Published 15th June, 2017
It’s still early days, and we have to say this up-front: these builds are not ready for daily work. We mean it, you might luck out, but you might also seriously lose work. Please test, and please report issues on bugs.kde.org! (But check whether your issue has already been reported…) That said…
Here are the first builds of Krita 4.0 pre-alpha!
This is as big, if not bigger a step than it was going from Krita 2.9 to Krita 3.0. No, we haven’t ported Krita to Qt6 (phew!), but we have replaced the entire vector layer system: instead of using the Open Document Graphics standard, Krita now uses the SVG standard to store vector information. This makes Krita more compatible with other applications, like inkscape. Krita can still load existing Krita documents with ODG vector layers, but will only save SVG vector layers. Once a file has been saved with Krita 4.0 pre-alpha, Krita 3.x cannot open vector layers in that file any more.
We have also rewritten a lot of the interaction with vector objects, to make working with vector layers easier and more productive, and we’d like your feedback on that as well.
And of course, this isn’t the only big change.
There is a complete new airbrush system, developed by Allen Marshall, that replaces the existing airbrush system. This will affect brush presets that use the airbrush option, but the new system is so much better that there was no reason to keep the old system in parallel.
Eugene Ingerman has added a healing brush tool. Just select the sticky plaster icon in the toolbox, and paint over the area you want to be patched out!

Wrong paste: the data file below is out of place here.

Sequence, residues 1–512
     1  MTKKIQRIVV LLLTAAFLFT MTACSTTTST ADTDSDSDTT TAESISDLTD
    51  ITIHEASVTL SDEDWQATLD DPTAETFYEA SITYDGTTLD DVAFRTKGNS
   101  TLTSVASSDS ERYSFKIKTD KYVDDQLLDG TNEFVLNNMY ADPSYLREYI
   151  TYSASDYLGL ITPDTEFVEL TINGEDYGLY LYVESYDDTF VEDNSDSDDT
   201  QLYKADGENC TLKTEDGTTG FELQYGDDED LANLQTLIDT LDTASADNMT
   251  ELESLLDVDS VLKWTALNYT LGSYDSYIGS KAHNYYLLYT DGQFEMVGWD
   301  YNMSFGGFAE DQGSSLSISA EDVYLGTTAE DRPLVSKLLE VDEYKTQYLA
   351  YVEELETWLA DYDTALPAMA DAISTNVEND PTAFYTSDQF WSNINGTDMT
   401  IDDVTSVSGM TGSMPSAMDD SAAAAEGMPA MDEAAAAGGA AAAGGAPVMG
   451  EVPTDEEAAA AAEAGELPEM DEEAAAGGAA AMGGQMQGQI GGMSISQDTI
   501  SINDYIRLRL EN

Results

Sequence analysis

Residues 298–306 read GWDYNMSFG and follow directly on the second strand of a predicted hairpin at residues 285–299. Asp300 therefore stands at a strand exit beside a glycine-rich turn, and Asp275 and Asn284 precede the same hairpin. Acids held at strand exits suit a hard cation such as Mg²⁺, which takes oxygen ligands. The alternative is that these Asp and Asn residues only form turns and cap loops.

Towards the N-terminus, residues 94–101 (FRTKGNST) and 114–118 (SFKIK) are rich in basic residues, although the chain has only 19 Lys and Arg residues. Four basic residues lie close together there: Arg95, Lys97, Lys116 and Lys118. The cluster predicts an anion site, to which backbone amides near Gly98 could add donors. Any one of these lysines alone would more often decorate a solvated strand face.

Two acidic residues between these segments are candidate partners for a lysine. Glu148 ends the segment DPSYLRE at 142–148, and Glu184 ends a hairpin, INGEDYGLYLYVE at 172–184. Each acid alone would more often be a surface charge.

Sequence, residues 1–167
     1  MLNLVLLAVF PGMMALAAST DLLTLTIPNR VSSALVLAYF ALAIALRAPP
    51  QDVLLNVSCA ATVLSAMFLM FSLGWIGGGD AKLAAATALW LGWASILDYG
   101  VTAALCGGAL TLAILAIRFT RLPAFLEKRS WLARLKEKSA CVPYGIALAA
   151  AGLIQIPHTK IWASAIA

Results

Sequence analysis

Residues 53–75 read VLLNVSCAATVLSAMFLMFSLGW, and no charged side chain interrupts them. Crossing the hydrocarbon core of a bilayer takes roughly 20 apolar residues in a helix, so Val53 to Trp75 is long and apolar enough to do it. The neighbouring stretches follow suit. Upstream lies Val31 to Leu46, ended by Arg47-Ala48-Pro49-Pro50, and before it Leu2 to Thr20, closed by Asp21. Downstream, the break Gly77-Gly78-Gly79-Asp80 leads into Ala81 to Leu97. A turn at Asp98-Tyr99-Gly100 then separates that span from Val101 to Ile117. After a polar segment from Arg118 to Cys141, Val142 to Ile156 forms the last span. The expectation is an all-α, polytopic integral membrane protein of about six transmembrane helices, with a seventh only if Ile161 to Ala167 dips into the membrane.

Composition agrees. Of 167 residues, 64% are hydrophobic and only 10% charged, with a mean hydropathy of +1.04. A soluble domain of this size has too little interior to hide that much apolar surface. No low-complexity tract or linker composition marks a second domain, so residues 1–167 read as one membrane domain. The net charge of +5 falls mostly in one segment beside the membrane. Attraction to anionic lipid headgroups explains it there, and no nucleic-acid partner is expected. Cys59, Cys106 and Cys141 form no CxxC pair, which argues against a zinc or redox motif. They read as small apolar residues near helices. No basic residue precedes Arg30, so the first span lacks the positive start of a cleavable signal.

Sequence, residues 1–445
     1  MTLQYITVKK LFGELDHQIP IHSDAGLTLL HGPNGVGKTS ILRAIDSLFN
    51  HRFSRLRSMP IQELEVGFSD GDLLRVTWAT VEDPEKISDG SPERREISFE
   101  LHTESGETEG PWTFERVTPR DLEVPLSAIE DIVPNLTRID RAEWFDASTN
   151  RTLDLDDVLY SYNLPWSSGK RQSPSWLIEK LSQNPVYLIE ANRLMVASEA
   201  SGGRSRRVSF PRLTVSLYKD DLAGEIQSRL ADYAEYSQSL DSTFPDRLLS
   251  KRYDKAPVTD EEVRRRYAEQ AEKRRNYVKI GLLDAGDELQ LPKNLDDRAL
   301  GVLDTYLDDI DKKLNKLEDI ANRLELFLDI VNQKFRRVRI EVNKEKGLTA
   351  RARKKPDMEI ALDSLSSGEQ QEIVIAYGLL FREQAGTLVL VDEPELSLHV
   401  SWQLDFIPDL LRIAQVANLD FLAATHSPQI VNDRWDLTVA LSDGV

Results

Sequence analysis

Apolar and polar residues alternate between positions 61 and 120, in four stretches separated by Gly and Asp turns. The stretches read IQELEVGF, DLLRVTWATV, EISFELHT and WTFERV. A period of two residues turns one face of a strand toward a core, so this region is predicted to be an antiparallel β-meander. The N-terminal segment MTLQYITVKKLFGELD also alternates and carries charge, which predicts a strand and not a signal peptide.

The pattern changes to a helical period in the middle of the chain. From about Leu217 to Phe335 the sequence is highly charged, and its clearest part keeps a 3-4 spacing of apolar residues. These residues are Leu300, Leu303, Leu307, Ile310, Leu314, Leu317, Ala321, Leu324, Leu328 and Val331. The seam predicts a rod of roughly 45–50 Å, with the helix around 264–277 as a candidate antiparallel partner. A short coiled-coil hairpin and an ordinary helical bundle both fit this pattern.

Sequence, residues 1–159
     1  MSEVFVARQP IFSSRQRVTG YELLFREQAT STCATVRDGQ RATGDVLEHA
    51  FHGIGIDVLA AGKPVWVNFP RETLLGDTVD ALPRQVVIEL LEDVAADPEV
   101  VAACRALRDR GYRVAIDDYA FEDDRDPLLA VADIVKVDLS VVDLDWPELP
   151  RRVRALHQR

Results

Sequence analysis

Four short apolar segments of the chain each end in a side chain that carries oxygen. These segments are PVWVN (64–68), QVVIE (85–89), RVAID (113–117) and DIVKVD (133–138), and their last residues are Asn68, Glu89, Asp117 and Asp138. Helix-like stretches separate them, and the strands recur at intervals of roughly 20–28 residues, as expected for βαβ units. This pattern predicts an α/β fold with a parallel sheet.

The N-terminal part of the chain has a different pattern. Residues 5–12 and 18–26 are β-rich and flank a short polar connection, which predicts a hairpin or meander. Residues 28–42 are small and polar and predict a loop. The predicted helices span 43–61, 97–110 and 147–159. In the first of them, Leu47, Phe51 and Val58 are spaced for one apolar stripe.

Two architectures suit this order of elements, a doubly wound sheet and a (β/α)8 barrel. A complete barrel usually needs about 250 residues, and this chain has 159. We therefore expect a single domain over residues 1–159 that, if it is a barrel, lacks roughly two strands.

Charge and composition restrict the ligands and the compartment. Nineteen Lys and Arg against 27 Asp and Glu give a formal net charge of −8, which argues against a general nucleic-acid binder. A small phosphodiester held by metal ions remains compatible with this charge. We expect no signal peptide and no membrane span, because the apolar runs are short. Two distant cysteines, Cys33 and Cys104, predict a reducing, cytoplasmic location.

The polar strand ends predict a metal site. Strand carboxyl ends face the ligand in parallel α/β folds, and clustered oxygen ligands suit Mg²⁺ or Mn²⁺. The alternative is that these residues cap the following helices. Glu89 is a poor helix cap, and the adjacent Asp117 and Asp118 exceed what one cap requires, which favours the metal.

There is a new system for saving images that should be much safer than the old one, and that warns you when saving to a format that will lose you data.
There’s a much improved palette docker, by Wolthera van Hövell tot Westerflier, that allows you to organize a palette in groups of colors, and reorganize the palettes using drag and drop, and edit swatches by double-clicking.
There’s a new docker that makes it possible to load SVG symbols and drag and drop them as shapes onto the image. Handy for speech bubbles, and we’ve included David Revoy’s Pepper and Carrot speech bubble library to get you started!
And there’s much more ready for you to explore and experiment with!
We’re still working on the new text tool. We got the basics working only last week, but that isn’t in these development builds yet. It’s too rough for even that!
The Python plugin has been merged, and is ready for testing, but here we’ve run into another problem: we haven’t been able to figure out yet how to bundle Python and the Python modules for scripting Krita yet. It works fine when building Krita from source on supported Linux systems. We haven’t managed to build it on Windows or on OSX yet, at all. If you can help us with that, please contact us!
Note for Windows users: if you encounter crashes, please follow these instructions to use the debug symbols so we can figure out where Krita crashes.
For development builds, we only create 64 bits windows portable zip files, Linux appimages and OSX disk images.
For all downloads:
The Linux appimage and the source tarball are signed. You can retrieve the public key over https here: 0x58b9596c722ea3bd.asc. The signatures are here.
Krita is a free and open source project. Please consider supporting the project with donations or by buying training videos or the artbook! With your support, we can keep the core team working on Krita full-time.
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